Sunday, December 18, 2005

For L. at 10 months old

Ten months ago today L., you and I nearly lost everything. I don't like to think about the could-have-beens, but occasionally, out of the blue, my breath catches on the memory of what did and what could have happened at your birth. Like tonight when I was holding you and rocking you to sleep, I looked down in your drowsy face and felt awed by our connection and then slammed with a could-have-been. I wondered how your father would have fared if one or both of us had been lost.

I guess I could put down what precisely happened, eh?

One week after your due date, I was admitted to the hospital for an induction. You had been flipping back and forth out of breech position. Once you had your head back down, we scheduled an induction pronto. My other choice was to wait to go into labor and probably wind up with a c-section since none of the doctors around here will deliver a breech baby vaginally. I thought an induced labor was a better choice than a c-section (and still do). After several hours of pitocin, it was time for you to be born. (This is where things get fuzzy for me.)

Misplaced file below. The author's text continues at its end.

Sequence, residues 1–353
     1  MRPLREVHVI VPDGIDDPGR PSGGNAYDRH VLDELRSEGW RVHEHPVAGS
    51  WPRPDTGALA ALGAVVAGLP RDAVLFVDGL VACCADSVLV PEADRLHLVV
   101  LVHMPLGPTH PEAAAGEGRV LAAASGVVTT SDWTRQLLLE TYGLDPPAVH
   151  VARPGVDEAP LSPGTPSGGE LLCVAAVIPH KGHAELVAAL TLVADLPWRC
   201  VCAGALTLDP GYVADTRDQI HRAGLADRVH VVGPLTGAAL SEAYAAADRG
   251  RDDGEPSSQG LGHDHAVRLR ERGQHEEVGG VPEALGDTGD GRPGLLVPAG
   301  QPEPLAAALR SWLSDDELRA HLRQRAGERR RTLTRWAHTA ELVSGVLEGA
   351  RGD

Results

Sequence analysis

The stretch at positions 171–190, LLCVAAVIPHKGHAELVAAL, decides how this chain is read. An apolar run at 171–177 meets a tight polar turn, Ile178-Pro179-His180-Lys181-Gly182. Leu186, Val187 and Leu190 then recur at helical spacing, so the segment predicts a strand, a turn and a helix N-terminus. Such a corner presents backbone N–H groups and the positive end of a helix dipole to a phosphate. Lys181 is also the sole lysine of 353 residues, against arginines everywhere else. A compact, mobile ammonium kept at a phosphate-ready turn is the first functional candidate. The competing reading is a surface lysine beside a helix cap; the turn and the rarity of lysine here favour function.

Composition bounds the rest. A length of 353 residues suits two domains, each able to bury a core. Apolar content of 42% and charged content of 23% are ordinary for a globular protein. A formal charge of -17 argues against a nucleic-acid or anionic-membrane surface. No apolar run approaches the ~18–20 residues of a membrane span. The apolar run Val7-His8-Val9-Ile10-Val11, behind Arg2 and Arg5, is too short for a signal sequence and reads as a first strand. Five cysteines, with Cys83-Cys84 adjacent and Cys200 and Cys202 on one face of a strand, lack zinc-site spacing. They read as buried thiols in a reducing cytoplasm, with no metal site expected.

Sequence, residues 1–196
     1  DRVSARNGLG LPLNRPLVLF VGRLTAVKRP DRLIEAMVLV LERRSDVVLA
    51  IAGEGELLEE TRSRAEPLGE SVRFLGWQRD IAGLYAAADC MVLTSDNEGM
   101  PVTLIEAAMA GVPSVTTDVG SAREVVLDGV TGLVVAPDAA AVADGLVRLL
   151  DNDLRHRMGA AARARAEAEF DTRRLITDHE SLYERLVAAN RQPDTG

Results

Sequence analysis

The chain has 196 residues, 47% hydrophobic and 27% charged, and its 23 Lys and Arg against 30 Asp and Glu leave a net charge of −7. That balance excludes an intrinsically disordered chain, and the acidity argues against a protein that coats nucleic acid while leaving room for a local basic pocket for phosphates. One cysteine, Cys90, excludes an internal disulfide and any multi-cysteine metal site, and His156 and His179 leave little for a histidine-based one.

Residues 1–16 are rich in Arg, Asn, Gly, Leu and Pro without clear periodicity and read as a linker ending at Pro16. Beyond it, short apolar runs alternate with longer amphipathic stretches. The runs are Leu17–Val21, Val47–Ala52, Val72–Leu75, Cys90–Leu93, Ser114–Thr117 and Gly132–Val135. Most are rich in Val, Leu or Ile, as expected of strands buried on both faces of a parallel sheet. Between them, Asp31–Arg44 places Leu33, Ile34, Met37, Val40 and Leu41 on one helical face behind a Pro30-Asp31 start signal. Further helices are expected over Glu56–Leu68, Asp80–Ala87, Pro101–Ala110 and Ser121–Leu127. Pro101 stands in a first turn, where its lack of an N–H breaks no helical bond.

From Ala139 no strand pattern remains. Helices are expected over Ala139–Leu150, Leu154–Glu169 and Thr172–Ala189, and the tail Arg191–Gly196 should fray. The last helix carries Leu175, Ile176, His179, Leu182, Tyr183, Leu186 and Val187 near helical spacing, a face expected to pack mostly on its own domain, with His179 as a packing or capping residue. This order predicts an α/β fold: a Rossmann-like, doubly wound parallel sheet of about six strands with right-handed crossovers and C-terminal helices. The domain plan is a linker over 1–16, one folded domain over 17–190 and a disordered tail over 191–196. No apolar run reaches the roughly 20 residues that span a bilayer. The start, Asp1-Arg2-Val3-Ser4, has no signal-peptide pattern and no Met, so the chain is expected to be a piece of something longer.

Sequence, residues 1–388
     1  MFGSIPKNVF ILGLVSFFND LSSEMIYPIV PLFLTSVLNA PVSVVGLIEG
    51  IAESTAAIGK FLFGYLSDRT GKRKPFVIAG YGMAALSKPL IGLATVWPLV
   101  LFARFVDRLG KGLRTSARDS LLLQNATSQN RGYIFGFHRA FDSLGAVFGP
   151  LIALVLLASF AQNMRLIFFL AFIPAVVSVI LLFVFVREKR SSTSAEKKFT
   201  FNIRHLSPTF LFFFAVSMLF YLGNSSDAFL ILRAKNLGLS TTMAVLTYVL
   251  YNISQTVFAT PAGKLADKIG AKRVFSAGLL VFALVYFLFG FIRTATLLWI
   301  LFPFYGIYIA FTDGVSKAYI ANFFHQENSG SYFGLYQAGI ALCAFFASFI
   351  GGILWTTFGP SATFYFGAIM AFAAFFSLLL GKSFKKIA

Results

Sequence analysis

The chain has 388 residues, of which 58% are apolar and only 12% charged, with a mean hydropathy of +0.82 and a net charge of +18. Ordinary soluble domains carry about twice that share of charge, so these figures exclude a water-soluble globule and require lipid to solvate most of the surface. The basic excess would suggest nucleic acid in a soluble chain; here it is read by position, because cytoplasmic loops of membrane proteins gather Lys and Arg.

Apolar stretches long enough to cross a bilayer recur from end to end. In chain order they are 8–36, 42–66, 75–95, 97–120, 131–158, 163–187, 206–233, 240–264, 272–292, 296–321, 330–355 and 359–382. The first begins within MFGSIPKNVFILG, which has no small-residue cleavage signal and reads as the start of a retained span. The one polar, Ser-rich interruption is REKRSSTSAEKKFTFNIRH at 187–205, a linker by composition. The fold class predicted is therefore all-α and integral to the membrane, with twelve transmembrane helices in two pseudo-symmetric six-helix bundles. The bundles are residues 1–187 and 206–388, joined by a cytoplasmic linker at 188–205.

Apparently, you decided your umbilical cord made a good necklace. The doctor got that untangled, and you were born reasonably pink and squawking. As if that weren't alarming enough, it turned out the placenta that kept you alive had some undiagnosed problems. It came with a huge gush of blood even before the doctor finished cutting your cord. As if that weren't enough, my blood pressure fell through the floor (don't know how much was because of the epidural and how much was because I hemorrhaged like crazy). I have fuzzy memories of my blood pressure being read every 5 minutes and being nervous when it got down to something like 50/30. I do have vivid memories yelling at the medical staff that I wanted my baby right now and nobody was paying me any attention. I finally yelled at your dad (who was understandably freaked) that if I couldn't be with you, the very least he could do was go take a look and tell me that you were indeed a girl.

I wasn't the least bit frightened when all the craziness happened at your birth. I was too busy being mad that a) the epidural DID NOT WORK and b) nobody would give me my baby. My biggest fear was that I couldn't fake it well enough with our doctor to get out of having a blood transfusion. Now that we are ten months out from the experience, I've lost a lot of my anger. I'm very thankful that the only real repercussions were an extra night in a miserable hospital and the occasional moments that take my breath away when one of those 'what-ifs' pop into my head.

I know others who were not so lucky. Their undiagnosed placental problems and umbilical cord issues led to critical oxygen deprivation for their babies. Their hemorrhages led to emergency hysterectomies and massive blood transfusions. It is sobering to think of them.


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